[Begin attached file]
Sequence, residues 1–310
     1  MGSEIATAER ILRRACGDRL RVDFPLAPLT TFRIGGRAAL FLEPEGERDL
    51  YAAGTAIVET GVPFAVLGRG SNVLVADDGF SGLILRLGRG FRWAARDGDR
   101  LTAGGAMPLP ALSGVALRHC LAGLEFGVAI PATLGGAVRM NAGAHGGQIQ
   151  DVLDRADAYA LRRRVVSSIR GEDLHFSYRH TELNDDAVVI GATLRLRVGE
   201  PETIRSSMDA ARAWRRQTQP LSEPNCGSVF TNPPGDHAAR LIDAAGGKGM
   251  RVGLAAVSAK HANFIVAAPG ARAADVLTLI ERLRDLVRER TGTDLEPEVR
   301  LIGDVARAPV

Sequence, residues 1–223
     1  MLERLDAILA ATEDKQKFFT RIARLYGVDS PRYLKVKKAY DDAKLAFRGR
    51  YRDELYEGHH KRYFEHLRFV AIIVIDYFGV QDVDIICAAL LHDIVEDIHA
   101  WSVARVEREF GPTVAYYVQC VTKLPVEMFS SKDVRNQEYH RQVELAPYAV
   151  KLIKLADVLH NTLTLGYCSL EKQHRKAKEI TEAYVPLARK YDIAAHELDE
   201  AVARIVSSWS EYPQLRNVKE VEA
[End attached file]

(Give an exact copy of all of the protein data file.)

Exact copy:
Sequence, residues 1–310
     1  MGSEIATAER ILRRACGDRL RVDFPLAPLT TFRIGGRAAL FLEPEGERDL
    51  YAAGTAIVET GVPFAVLGRG SNVLVADDGF SGLILRLGRG FRWAARDGDR
   101  LTAGGAMPLP ALSGVALRHC LAGLEFGVAI PATLGGAVRM NAGAHGGQIQ
   151  DVLDRADAYA LRRRVVSSIR GEDLHFSYRH TELNDDAVVI GATLRLRVGE
   201  PETIRSSMDA ARAWRRQTQP LSEPNCGSVF TNPPGDHAAR LIDAAGGKGM
   251  RVGLAAVSAK HANFIVAAPG ARAADVLTLI ERLRDLVRER TGTDLEPEVR
   301  LIGDVARAPV

Sequence, residues 1–223
     1  MLERLDAILA ATEDKQKFFT RIARLYGVDS PRYLKVKKAY DDAKLAFRGR
    51  YRDELYEGHH KRYFEHLRFV AIIVIDYFGV QDVDIICAAL LHDIVEDIHA
   101  WSVARVEREF GPTVAYYVQC VTKLPVEMFS SKDVRNQEYH RQVELAPYAV
   151  KLIKLADVLH NTLTLGYCSL EKQHRKAKEI TEAYVPLARK YDIAAHELDE
   201  AVARIVSSWS EYPQLRNVKE VEA